I’d go with Sunrise, though, which I sometimes think is the greatest film ever made. It certainly is the best Oscar winner (effectively one of the two best pictures that year, since they gave both a “best production” as well as “unique and artistic film” award that year only.

    There is a stunning sidenote to Passion – the master negative was accidently destroyed. Dreyer needed to go back and recreate the film was takes that had been discarded (but fortunately saved). So the entire film as we know consists of second best takes, not the better ones who chose initially.

  • 14 3-09-2010 at 6:37 pm

    Chad Hartigan said...

    Sunrise is one of my default picks for the best movie of all time but as an Oscar nominee, is ineligible for the column.

  • 15 3-09-2010 at 6:47 pm

    seanflynn said...

    I just reread and noticed; sorry for that.

    The concept is very good – I look forward to upcoming columns.

  • 16 3-09-2010 at 6:56 pm

    mswitch said...

    Does anyone know how close to the original the current cut of Metropolis is?

    I remember they discovered some footage in South America a few years ago that was thought to be lost, but I don’t know if that footage was enough to completely restore the film to its original state.

    Anybody know?

  • 17 3-09-2010 at 6:59 pm

    Joel said...

    “Metropolis” is one of the greatest films ever made, and probably the finest science-fiction film ever.

    I have yet to see “The Passion of Joan of Arc,” but now I’ve just gotta.

  • 18 3-09-2010 at 9:18 pm

    Speaking English said...

    “The Passion of Joan of Arc” is simply one of the greatest pieces of art ever created. I know what you mean when you talk about how you feel after watching it – it’s a transcendent, out-of-body experience kind of sensation.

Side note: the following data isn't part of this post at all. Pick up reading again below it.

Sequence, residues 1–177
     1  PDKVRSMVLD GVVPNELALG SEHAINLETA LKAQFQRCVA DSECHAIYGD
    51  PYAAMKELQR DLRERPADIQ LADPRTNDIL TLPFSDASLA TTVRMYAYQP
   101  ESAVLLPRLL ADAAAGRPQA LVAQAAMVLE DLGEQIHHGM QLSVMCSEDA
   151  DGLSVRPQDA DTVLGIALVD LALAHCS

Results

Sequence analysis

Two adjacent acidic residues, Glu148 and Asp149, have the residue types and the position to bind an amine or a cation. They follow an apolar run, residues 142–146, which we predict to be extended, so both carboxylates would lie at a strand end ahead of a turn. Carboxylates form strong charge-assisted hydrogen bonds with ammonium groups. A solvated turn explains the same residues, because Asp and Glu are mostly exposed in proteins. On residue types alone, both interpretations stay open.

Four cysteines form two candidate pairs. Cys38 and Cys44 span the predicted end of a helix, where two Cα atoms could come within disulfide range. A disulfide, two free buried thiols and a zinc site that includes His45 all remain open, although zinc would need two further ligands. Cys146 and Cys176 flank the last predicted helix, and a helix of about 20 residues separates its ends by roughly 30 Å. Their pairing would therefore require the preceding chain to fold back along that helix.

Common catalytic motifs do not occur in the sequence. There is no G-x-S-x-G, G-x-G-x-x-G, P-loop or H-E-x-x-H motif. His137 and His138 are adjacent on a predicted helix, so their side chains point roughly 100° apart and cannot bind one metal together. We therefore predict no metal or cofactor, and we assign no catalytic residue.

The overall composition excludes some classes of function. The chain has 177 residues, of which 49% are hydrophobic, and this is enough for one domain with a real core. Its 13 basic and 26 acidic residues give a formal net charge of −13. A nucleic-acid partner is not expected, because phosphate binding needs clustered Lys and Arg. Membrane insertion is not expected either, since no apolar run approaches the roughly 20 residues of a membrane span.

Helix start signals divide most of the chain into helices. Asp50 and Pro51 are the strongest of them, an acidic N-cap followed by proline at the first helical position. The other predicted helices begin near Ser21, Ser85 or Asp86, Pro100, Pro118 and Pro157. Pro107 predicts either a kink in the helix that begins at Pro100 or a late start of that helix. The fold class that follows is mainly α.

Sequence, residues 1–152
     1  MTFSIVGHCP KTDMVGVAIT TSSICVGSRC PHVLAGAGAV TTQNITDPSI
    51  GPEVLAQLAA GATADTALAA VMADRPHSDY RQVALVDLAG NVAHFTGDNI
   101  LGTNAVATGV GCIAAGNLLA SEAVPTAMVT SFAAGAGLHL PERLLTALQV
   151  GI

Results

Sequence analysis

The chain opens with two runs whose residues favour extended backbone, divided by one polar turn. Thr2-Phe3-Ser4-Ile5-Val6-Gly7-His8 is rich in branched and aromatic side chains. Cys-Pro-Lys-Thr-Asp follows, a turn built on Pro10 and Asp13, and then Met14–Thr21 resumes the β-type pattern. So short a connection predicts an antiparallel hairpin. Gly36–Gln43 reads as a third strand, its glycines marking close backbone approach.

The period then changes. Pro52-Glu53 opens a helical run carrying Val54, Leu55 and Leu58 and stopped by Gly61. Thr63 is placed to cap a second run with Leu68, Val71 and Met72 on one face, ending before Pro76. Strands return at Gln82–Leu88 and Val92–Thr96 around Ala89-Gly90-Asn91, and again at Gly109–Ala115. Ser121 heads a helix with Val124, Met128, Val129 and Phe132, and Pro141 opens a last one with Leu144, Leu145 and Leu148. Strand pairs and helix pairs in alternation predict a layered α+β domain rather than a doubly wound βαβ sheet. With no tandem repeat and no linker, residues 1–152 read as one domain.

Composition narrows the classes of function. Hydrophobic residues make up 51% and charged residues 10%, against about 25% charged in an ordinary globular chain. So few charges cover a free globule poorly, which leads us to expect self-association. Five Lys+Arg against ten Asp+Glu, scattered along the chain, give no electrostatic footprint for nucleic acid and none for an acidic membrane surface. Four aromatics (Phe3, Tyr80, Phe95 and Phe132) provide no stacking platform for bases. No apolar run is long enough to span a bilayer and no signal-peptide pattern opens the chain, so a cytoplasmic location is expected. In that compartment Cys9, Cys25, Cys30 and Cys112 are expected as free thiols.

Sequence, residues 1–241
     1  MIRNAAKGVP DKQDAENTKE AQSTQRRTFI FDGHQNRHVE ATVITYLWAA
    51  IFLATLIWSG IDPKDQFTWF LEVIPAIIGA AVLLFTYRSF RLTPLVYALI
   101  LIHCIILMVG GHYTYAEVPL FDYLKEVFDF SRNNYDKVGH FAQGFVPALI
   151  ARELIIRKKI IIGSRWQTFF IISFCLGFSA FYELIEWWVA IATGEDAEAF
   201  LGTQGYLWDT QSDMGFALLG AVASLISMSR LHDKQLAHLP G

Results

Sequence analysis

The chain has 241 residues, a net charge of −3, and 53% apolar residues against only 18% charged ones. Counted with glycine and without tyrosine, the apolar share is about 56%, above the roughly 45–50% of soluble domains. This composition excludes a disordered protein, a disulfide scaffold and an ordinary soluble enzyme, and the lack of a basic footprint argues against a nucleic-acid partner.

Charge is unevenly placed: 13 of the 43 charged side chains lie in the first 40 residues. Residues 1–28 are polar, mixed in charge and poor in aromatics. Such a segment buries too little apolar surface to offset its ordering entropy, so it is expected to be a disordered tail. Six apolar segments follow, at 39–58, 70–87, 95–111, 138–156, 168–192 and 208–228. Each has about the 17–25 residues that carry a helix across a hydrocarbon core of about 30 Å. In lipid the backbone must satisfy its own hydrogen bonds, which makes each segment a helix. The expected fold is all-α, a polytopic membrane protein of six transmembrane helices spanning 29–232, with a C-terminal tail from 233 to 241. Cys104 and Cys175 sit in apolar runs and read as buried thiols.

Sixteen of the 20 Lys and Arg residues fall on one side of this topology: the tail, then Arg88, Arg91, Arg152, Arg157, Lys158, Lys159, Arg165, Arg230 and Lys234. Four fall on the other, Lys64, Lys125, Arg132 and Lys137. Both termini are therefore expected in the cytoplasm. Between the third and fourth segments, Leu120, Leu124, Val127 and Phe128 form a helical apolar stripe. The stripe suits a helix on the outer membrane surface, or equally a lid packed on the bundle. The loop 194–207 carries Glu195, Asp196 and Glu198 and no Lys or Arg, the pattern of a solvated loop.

• 19 3-09-2010 at 9:40 pm

    Filmoholic said...

    Great idea for a column, but why do we have to make everything about the Oscars?

    Why can’t you just pick a great film from every year and write about it?

    Can we please leave the damn Oscars out of this one please?

  • 20 3-10-2010 at 1:46 am

    Michael said...

    filmoholic: I think the idea is to talk about pictures that should not be forgotten. Best Picture winners are much less likely to be forgotten, so he writes about the best movies that were not awarded.
    It’s not about the oscars. ;)

    Great idea. I really have to watch the Joan of Arc pic!

  • 21 3-10-2010 at 3:43 am

    Michael W. said...

    Being from Denmark, I guess I should also be in the Dreyer camp with my 1928 pick, but I have always had a very hard time with that film.

    It’s a great achievement, but it has never really done anything for me. Of Dreyers silent films I actually like Michael much better (and no, it’s not because of the name ;-) )

    So for the 1928 pick I would definitely go for John Fords Four Sons which won the Photoplay Award that year, but incredibly no Oscar noms.

    Metropolis as the 1927 pick I agree on 100%

  • 22 3-10-2010 at 6:45 am

    Morgan said...

    Hope you remember Dreyer’s “Ordet” when you get to the 1950s.

  • 23 3-10-2010 at 8:10 am

    Shannon said...

    What a great idea for a series. I’ll be sure to check in for this every week. I saw METROPOLIS in school, though it’s been a while. Somehow, they failed to show us THE PASSION OF JOAN OF ARC, and it’s been one of those I’ve been meaning to see. Now, you have reminded me, so I will make it happen.

  • 24 3-10-2010 at 9:16 am

    Michael said...

    love this column! my queue is probably going to expand by 82 films by the time it is through and I cannot wait!